How Does Climate Change Take a Toll on Rural Women?

By Rahul Chaudhary in Health & Nutrition 16/03/2017

Even the forces of global warming seem to have not transcended sex and gender, as evidence shows that women (especially rural women) have it worse when it comes to dealing with the consequences of climate change. From health to participation in public activities, women tend to face a hard bout of global warming.

 

Climate Change a.k.a China China China in Trumpian language, is the most pressing issue that the human civilization faces in the 21st century. Compensating for an environmental and economical baggage that the leaders from our past have left us with has been a challenge – transcending borders and classes. It is known to almost anyone not living under a rock that the duties of the private sphere i.e the home kitchen are delegated to woman. For these duties, they have to collect clean water to be used for consumption purposes and wood for cooking and other needs. Due to climate change, water sources have depleted and deforestation is evident due to lack of rain and ever reducing groundwater levels. This has a twofold effect as :

 

  • Women and girls have to travel farther distances to collect these materials, making these duties much more time and effort consuming.
  • They also have to remove themselves from other activities of their choice for longer period of time to collect firewood and water.

 

TOLL ON HEALTH

On the first glance, this seems like a whine on the part of a few lazy women who don’t want to walk the additional 10 meters. But the issue is much graver than it seems. Water sources and the presence of wood sources has dwindled so much that women have to walk tens of kilometers farther than they had to ten years back. This can take a serious toll on their health, as many cases have been seen of women having unreasonably low amounts of time ( in some cases 3 hours per 24 hours) for resting.

 
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Water and wood sources have dwindled so much that women have to walk tens of kilometers farther than they had to ten years back. This can take a serious toll on their health, as many cases have been seen of women having unreasonably low amounts of time for resting.

 

EDUCATION AND ACTIVISM

Furthermore, in most cases young girls have to forego their education as their mornings are occupied by such tasks. A larger amount of time invested in mundane duties like these also means that women have less time to invest in political activity and activism regarding issues that affect them. This hampers the already low rate of female participation that may have been possible.

 

UNEVEN ALLOCATION OF RESOURCES

Women are rarely the decision makers in families or communities, and often such societies are ridden with patriarchal norms that give more weightage to the health needs and survival of the males than that of the females. In case there is a dearth of resources, the already scarce resources will be allocated for male needs. Furthermore, in case disaster strikes, women are more vulnerable compared to men, as was shown by researchers from London School of Economics. Taboos regarding women in the public sphere have also caused communication problems leading women to suffer more.

 
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Women are rarely the decision makers in families or communities, and often such societies are ridden with patriarchal norms that give more weightage to the health needs and survival of the males than that of the females.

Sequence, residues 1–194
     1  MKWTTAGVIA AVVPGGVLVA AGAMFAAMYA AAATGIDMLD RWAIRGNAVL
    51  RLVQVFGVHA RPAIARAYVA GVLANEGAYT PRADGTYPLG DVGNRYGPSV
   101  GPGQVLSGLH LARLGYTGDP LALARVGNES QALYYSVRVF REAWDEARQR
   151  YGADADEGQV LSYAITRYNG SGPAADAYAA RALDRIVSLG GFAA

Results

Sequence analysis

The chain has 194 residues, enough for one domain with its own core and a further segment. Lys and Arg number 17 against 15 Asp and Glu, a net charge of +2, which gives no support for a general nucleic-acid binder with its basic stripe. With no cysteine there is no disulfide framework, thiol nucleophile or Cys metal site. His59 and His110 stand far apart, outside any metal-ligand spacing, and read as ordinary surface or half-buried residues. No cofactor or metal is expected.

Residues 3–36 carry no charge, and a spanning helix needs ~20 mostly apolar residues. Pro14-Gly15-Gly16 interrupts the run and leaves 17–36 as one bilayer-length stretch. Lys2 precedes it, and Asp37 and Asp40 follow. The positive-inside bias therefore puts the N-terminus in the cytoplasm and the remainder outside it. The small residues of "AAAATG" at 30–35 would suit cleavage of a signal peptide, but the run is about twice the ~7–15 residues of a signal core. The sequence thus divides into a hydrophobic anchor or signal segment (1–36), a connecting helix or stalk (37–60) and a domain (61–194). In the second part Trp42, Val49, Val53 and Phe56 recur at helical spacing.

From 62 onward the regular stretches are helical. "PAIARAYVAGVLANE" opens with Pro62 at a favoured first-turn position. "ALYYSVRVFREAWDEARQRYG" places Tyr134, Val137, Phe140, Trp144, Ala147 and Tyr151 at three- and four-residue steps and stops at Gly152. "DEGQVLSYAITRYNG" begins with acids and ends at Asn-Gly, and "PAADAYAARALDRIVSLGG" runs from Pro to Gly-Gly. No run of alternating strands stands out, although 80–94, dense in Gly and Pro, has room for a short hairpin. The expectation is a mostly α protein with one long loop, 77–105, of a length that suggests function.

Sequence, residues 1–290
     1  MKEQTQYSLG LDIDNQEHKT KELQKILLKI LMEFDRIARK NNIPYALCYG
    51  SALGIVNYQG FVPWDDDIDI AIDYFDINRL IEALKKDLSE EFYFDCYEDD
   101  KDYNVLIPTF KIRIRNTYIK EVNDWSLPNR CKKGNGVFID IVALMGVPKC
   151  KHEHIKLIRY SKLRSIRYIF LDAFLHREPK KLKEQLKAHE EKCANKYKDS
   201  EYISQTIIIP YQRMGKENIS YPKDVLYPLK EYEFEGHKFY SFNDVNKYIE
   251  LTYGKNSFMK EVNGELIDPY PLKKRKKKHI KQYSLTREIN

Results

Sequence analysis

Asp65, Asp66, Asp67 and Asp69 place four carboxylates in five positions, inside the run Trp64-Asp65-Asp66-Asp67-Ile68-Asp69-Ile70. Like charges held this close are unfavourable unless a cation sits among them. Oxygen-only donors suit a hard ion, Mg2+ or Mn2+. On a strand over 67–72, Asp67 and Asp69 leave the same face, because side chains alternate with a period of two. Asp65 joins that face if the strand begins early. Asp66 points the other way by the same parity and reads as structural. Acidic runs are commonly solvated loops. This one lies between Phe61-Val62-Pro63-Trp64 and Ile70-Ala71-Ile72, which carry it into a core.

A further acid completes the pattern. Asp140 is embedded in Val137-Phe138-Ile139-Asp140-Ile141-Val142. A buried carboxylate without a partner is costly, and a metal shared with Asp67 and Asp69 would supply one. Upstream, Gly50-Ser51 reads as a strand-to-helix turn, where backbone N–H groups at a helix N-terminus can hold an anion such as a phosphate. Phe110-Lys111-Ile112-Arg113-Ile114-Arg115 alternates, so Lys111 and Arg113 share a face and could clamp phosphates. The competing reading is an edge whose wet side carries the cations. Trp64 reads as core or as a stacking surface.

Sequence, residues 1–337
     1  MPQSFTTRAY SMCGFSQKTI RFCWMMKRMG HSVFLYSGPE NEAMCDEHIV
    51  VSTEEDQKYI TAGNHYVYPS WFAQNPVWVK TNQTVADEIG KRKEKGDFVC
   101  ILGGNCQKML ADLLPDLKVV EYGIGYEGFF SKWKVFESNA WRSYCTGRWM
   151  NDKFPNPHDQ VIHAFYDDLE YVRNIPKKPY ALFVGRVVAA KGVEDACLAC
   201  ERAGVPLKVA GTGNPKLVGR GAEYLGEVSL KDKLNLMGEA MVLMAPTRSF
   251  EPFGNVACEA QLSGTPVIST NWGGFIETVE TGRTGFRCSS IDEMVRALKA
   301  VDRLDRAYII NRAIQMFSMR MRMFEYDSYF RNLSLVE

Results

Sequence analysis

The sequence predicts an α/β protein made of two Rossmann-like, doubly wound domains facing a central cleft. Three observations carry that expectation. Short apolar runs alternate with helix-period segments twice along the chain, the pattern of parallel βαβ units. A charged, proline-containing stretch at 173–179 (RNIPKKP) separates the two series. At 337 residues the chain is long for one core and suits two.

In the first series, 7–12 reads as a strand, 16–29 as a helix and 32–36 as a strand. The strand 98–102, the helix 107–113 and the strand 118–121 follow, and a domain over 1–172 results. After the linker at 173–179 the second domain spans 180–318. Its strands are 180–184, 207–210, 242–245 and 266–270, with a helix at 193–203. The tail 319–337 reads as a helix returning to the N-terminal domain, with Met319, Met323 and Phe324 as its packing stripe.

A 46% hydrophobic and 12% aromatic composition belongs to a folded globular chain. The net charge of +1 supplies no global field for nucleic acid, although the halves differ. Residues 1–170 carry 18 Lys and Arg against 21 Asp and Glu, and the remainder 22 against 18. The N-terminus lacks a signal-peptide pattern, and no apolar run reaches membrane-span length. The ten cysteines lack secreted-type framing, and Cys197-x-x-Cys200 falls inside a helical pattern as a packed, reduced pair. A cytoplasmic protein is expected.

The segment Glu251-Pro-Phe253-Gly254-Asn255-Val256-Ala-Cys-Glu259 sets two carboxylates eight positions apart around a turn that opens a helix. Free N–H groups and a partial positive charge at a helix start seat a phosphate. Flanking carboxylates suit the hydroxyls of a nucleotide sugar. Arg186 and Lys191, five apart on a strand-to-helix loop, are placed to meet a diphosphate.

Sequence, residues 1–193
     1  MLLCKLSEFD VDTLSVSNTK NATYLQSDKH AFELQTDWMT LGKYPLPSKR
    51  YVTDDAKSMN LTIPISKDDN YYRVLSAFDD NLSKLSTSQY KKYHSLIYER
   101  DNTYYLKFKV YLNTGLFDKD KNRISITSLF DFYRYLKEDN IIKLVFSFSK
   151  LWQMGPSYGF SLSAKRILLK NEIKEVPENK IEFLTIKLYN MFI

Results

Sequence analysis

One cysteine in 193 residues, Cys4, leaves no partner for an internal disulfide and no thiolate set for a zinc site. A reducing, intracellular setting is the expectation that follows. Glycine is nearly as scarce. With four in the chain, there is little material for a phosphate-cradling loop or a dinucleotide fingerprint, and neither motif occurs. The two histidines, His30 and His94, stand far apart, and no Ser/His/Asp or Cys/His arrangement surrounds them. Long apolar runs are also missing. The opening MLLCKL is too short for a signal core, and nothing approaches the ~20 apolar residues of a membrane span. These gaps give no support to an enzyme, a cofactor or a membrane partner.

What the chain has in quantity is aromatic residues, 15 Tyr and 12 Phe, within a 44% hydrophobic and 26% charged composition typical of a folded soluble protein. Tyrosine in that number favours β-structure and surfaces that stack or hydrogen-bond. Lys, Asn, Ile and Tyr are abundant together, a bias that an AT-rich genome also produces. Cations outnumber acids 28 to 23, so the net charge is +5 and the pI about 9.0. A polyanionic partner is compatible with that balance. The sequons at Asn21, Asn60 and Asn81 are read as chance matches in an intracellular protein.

Pregnancy and other familial obligations further worsen the scenario for women. While it is commonly acceptable for men to leave their home village in search of better residence and employment opportunities, but taboos regarding women doing the same still remain in rural areas.

 

THE REVERSE SIDE

Although this is reversed on its head sometimes as women have gained more power and respect in recent times due to the formation of new women organizations working to make their farms more economically viable and environmentally sustainable. For example, in Nwadjahane, Mozambique, women associations have been crucial in allowing the entire community to adapt to recent issues.

 

Women possess great amounts of knowledge regarding seeds, soils, seasons etc, making them better equipped to handle challenges posed by climate change. Due to their unprecedented confidence in such endeavors and their invaluable contributions in enhancing agricultural performance has given women new socio-cultural status. However, as impressive as it is to see collective effort from women in such cases, a grave reality of gender disparity still remains.

 

A larger amount of time invested in mundane duties like these also means that women have less time to invest in political activity and activism regarding issues that affect them, when they already have low rate of participation.

 
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Needless yet needful to say, our environmental goals must consider gender issues and try to empower, emancipate and elevate women. So much so that gender equality is an agenda in and of itself within the Paris Agreement.

 

“Parties when taking action to address climate change, respect, promote and consider their respective obligations on human rights, the right to health, the rights of indigenous peoples, local communities, migrants, children, persons with disabilities and people in vulnerable situations and the right to development, as well as gender equality, empowerment of women and intergenerational equity”

 

The question now is will we hold women back, into kitchens and corners or will we overturn patriarchy on its bottom and combine the expertise and skill that women have to aid us in our mission to save our planet, to save our women.

 


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